“Where were you?” asked Luann, “we searched this entire area, twice.”

“I know! I watched you, looking behind every bush and rock, even behind the trees, but you never once thought to look up, did you?” Tulie scoffed. “ I was right there the whole time!” She pointed to the large tree where she had been perched, nestled in the lowest branch. “That should have been the first place you looked.

“Come on, then. Let’s go back to camp and we’ll try this again in the morning.” As Tulie led the women back to their base camp, she thought about other lessons she could teach them. She’d already taught them to scout out the safest areas for making camp, to provide shelter and fire for themselves, to find and replenish provisions as needed.

Her goal was to prepare them to journey, undetected and alone; to be able to travel between and among the various tribes within the region. To observe and report the activities of those tribes to Madra, the Riannan leader, who was the spiritual leader of the region, and Tulie’s mother as well.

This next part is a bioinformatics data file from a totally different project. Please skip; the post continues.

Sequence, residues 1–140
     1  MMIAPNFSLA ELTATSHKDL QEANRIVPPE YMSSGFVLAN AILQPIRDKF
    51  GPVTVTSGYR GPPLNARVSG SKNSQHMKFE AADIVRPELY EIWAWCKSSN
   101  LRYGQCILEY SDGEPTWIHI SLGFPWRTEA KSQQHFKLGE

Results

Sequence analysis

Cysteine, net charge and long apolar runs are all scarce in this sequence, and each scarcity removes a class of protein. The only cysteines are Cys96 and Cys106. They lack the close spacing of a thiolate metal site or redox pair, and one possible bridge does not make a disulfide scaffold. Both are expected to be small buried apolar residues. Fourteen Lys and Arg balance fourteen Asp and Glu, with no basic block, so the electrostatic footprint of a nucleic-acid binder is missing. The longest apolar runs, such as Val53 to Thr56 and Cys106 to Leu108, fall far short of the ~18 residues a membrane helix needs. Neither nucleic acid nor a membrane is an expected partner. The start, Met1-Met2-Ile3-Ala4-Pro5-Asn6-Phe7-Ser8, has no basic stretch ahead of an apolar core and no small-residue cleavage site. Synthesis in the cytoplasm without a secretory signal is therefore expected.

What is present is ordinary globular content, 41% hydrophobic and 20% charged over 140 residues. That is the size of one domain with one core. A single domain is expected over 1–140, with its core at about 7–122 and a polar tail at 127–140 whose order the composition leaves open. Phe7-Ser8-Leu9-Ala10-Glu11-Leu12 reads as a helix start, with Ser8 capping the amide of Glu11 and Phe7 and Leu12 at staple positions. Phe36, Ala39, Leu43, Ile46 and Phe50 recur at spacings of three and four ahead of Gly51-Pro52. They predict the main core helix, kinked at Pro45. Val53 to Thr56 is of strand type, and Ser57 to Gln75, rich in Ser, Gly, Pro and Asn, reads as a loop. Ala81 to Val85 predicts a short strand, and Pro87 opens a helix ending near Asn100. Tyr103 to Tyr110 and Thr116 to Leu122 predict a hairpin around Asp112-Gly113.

These women were the daughters of the Kakaesian tribal leaders, chosen to be the Appointed among the tribes; though they’d not be assigned to their own tribe, for their loyalty must be to Madra. They had been chosen, not just because they were the daughters of the leaders, but also because they had shown signs of possessing the skills necessary to be Appointed; the primary skill being able to mind-speak across distances. Perhaps, Tulie considered, this might be what she should practice next.

“Tonight, we’ll spend the night in silence,” Tulie spoke within their minds, for she not only had the ability to mind-speak, but she could link their thoughts together so they could hear each other and not just one another. “Speak only through the link, and only the thoughts you want to share.”

“What, you don’t want to hear Janna’s thoughts about bedding Ronnald?” Mara quipped, “or Luann’s longing for home?”

“Probably not,” Tulie laughed, “and I don’t want to hear your thoughts about how hungry you are, either Mara, unless it is to tell us what you will prepare for us to eat.”